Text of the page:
So when Hunt says “government does not support the local industry creeping into US-style managed care”, what he is actually saying is get stuffed to Australian taxpayers and get stuffed to the Australian people. It’s the doctors and pharmacists that the government most cares about.
Perhaps some advice from Friedrich Nietzsche to the Health Minister is warranted:
The most common form of human stupidity is forgetting what one is trying to do.
Hunt’s job is not to make doctors and pharmacists rich. Actually, what is Hunt’s job other than to throw people’s money around and give to favoured groups?
Stephen Spartacus regularly writes at Sparty’s Cast.
Anthony Tassone of the Pharmacy Guild responds:
The article in the Spectator by Stephen Spartacus asks, “Who benefits from health care” and then goes on to suggest that it’s the “biggest, ugliest and most militant unions in Australia” which he claims to be the Pharmacy Guild, the Australian Medical Association and specialist colleges – in other words the usual suspects and easy targets when seeking to attack the representatives of health professionals.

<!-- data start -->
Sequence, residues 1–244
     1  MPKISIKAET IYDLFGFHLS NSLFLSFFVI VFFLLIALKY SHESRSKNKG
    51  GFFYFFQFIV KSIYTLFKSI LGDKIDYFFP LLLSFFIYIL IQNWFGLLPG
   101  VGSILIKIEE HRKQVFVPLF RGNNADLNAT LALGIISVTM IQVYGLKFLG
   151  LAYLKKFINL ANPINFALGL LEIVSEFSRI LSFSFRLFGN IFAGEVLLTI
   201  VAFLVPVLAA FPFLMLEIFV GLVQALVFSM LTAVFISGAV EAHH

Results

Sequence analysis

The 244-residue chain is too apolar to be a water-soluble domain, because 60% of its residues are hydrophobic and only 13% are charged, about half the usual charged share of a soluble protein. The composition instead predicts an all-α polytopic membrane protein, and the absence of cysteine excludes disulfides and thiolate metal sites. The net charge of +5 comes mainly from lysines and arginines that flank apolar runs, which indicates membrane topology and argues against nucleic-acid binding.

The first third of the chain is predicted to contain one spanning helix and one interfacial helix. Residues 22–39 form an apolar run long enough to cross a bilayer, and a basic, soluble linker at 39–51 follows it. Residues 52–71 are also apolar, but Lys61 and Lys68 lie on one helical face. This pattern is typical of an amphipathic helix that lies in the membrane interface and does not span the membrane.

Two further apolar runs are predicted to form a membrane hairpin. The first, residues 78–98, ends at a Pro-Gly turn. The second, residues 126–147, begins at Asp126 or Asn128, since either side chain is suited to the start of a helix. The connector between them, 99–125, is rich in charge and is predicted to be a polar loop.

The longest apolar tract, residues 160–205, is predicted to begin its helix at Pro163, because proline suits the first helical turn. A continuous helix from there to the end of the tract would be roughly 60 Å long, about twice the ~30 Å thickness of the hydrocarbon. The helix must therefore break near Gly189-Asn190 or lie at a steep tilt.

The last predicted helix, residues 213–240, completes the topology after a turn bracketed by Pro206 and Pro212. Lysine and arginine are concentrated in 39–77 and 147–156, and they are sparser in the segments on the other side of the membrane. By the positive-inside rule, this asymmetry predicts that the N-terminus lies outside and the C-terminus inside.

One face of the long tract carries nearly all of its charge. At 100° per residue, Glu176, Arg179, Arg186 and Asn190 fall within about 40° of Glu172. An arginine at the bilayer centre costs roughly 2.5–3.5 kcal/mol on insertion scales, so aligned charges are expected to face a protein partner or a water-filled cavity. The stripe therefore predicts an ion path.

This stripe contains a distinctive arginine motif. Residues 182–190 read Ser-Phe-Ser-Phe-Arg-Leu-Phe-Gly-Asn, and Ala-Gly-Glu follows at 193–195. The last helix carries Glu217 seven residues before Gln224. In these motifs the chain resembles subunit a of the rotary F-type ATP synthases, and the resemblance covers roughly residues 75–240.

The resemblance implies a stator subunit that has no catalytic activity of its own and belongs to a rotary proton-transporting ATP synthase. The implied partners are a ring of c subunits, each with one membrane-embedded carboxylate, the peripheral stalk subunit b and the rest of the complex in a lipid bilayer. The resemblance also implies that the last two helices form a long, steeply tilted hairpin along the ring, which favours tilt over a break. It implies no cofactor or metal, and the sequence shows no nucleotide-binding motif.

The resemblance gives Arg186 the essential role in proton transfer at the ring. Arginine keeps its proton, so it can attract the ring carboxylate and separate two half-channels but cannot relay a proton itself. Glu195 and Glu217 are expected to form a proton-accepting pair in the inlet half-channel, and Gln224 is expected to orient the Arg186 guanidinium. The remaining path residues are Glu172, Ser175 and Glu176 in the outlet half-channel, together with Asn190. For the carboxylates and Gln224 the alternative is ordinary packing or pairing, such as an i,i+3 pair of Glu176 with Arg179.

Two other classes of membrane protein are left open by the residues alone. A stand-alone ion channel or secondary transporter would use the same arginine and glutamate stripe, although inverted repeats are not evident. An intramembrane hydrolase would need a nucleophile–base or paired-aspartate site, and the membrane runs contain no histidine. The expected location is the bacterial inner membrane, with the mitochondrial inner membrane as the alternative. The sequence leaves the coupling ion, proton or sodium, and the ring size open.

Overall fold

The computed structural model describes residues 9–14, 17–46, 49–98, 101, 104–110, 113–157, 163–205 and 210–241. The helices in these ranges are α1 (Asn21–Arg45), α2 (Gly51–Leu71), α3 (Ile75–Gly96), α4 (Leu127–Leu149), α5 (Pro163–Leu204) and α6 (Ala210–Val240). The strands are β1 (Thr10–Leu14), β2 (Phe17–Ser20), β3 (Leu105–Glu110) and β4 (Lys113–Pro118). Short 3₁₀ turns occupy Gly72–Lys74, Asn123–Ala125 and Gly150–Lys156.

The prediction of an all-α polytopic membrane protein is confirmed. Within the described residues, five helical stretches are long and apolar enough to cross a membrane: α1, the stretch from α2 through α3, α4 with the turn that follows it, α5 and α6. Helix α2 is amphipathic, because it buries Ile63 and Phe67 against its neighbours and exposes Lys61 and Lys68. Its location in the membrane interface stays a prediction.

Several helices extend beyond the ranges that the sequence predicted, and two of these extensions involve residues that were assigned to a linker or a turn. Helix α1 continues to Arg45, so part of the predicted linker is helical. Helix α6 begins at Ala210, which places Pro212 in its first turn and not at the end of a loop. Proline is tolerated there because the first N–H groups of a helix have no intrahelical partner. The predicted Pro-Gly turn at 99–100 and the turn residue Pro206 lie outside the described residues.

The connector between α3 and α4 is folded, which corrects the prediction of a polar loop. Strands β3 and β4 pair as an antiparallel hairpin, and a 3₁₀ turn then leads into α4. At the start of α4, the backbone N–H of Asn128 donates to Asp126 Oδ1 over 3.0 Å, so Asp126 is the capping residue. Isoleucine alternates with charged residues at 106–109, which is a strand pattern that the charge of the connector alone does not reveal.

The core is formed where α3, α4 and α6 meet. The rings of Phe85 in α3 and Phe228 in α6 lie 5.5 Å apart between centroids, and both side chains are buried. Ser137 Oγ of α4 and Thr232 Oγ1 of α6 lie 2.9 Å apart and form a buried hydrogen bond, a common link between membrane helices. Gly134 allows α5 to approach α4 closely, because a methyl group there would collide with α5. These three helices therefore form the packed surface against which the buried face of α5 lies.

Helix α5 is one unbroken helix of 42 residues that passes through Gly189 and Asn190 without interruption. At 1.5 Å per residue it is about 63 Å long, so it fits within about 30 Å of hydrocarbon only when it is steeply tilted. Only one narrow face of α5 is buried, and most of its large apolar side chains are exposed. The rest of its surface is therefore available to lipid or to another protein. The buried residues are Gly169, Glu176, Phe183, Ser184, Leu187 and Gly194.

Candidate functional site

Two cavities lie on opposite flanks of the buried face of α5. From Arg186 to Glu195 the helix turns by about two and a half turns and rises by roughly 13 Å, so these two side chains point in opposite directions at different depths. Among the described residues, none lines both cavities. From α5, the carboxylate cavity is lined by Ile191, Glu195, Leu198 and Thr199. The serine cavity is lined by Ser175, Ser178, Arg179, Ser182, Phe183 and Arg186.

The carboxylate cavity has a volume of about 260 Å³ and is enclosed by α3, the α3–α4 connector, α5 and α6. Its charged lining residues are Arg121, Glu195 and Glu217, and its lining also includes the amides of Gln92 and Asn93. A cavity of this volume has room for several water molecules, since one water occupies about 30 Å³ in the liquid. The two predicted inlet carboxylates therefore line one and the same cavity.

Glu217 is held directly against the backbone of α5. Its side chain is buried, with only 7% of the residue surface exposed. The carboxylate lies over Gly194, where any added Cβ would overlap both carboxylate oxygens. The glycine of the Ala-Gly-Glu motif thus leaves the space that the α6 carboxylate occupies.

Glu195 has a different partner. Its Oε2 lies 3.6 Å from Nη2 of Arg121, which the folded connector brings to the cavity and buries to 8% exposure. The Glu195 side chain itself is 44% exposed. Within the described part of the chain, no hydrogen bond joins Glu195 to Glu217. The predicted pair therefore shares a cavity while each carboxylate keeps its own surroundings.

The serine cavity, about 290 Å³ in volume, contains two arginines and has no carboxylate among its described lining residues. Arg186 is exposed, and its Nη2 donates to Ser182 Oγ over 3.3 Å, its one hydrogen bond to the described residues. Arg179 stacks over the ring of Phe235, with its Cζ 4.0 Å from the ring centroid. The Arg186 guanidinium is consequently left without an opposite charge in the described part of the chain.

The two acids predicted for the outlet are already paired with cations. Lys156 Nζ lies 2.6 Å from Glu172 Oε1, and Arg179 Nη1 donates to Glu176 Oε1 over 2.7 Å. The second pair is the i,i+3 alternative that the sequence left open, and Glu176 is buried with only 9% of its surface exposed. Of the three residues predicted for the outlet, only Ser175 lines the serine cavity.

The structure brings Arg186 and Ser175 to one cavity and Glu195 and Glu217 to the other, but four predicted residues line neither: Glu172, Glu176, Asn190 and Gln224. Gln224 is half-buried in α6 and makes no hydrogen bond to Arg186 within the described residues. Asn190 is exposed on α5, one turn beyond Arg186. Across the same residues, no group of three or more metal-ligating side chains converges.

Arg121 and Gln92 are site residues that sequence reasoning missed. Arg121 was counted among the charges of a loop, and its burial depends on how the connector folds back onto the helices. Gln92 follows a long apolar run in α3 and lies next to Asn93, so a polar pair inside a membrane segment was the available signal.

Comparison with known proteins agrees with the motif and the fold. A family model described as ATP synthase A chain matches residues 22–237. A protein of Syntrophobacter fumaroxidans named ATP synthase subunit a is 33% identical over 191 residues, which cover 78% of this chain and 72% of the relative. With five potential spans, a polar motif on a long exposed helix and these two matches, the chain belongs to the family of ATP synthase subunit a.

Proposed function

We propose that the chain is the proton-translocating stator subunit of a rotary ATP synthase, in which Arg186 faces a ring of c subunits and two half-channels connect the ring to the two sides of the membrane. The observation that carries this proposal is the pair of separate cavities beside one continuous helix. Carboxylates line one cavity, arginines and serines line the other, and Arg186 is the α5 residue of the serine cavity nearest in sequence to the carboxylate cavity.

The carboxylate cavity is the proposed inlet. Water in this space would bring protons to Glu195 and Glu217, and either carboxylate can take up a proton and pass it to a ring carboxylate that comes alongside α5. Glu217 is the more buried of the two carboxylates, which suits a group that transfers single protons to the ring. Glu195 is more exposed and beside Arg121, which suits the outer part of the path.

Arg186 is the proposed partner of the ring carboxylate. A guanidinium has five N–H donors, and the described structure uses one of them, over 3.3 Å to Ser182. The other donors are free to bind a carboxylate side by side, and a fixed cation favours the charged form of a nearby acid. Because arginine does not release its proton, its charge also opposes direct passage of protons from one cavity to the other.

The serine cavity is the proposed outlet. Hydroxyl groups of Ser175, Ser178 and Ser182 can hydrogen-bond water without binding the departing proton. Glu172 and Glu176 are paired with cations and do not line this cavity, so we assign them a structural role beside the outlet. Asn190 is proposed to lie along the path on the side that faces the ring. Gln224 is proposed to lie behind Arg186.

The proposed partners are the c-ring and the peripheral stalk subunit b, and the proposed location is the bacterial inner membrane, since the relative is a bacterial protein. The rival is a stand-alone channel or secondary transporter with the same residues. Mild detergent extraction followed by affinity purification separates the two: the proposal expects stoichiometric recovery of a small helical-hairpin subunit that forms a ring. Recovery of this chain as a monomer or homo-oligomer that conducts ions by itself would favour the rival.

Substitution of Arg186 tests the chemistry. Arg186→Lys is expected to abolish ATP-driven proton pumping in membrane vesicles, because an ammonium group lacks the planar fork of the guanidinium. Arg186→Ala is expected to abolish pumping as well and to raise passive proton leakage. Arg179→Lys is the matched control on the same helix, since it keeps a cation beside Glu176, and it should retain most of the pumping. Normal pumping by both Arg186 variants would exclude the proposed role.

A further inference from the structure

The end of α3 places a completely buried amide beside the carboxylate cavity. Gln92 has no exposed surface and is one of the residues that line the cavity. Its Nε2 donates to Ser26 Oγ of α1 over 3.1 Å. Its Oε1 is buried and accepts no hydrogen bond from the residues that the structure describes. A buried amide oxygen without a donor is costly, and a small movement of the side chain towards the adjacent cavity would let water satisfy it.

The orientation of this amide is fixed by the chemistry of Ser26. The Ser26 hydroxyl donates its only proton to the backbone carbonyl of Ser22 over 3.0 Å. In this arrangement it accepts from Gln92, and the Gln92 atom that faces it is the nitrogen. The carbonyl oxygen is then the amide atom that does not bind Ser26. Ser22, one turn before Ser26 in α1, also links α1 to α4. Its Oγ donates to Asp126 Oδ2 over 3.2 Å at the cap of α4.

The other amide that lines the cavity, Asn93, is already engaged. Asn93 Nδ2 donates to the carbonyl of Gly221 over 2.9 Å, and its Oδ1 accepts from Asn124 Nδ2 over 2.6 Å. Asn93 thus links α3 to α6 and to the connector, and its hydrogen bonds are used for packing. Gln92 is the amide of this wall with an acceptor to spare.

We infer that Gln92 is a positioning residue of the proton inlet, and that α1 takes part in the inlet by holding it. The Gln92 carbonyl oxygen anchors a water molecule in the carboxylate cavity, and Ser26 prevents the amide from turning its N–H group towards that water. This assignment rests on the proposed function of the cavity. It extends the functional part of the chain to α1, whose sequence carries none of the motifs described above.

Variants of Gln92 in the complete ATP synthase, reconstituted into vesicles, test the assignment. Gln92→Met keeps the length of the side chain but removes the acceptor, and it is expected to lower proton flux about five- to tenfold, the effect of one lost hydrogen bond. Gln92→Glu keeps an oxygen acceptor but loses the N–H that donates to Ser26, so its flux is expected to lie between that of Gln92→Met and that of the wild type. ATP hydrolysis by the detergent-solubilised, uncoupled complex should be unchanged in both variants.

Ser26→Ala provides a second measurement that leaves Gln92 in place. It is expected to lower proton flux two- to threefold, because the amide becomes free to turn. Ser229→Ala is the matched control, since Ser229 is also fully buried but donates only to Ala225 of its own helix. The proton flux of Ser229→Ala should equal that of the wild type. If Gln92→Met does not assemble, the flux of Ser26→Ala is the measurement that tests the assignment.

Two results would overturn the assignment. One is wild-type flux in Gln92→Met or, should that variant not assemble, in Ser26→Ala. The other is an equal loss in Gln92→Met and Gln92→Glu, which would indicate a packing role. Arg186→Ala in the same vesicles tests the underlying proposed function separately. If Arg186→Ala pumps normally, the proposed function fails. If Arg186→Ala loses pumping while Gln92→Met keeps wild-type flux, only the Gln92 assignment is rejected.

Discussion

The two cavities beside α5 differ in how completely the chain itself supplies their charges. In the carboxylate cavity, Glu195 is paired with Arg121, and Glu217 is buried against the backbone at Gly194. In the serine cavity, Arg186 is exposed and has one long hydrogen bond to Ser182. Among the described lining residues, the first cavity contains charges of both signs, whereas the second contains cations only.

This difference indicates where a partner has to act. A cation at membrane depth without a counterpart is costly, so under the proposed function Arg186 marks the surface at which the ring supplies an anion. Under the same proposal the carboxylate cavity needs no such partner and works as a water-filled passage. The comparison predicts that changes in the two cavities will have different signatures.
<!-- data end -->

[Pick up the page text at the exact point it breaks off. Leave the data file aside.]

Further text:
I don’t presume to speak on behalf of the AMA or the colleges, but I can certainly disavow Spartacus of his misguided notions about community pharmacies and their role in the health system of Australia.
First up he asserts that it is “not obvious who sets health care policy in Australia and it’s not obvious for whose benefit it even is”.